* Prime minister aims to boost sagging popularity
* Malatinsky to keep working with state energy companies
* Government looks to spend more after reducing deficit (Adds confirmation of the name of new minister in para 5)
PRAGUE, July 2 (Reuters) - Slovakia’s Economy Minister Tomas Malatinsky resigned on Wednesday in the first move of a cabinet shake-up as Prime Minister Robert Fico tried to prop up his centre-left government’s sagging popularity.
Fico said over the weekend the first changes to his cabinet since taking power in 2012 would happen soon. He also laid out plans for a 250 million-euro package to help poorer Slovaks after fiscal tightening in previous years.
“I am comfortable (with leaving). I discussed the situation with the prime minister and this solution is favourable for me,” the politically unaffiliated Malatinsky said.
The move was seen as part of a bid to boost Fico’s public support after he was trounced by independent Andrej Kiska in a presidential election in March.
Fico said in televised news conference that Deputy Minister Pavol Pavlis, a trained engineer, would succeed Malatinsky at the ministry, which manages state property.
Pavlic, 53, is a member of Fico’s Smer party which has a majority in parliament and nominates all members of the cabinet.
Education Minister Dusan Caplovic also resigned on Wednesday.
Malatinsky, who has overseen the state’s stakes in companies like Slovak Telekom and utility Slovenske Elektrarne, told reporters he would still work with the national property fund on creating a holding for state energy companies.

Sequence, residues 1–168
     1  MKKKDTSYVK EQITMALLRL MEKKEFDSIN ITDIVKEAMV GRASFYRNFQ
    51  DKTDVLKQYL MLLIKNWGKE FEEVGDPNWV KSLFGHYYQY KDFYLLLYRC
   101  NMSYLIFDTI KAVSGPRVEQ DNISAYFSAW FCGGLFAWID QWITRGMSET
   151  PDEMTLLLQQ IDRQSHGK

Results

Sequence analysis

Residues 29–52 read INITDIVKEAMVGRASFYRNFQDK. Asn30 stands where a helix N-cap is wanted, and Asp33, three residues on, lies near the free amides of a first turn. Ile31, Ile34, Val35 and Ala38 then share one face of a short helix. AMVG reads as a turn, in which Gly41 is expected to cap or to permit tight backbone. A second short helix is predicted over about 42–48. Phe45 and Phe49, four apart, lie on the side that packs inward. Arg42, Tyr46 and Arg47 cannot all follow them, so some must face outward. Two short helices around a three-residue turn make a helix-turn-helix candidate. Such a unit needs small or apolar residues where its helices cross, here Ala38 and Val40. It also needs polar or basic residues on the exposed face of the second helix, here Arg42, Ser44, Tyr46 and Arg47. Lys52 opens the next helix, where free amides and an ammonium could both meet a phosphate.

“This position will probably be better for preparing it and finishing it when I am outside the government,” he said.
The state has a minority 49 percent stake in Slovak Telekom and said in February it would look at floating its shares because Deutsche Telekom had so far passed on taking full control.
Slovakia also holds a 34 percent stake in Slovenske Elektrarne. Italy’s Enel holds the remaining shares but is looking at mandating banks for a sale.
Malatinsky headed the Slovak side in talks with the EU and Ukraine this year that led to an agreement on opening up limited capacity for the “reverse flow” of natural gas from central Europe to Ukraine, which has clashed with its supplier Russia.
The popularity of Fico’s Smer party has dropped to 32 percent from 38 percent early this year, according to Focus agency, but is still twice that of its closest competitor.
After cutting the budget deficit below an EU-mandated ceiling of 3 percent of economic output, the government is looking to spend more.
Fico has detailed plans to raise pensions and the minimum wage, cut household gas bills, and subsidise train tickets for students, pensioners and commuters. (Reporting by Jason Hovet; editing by Tom Heneghan)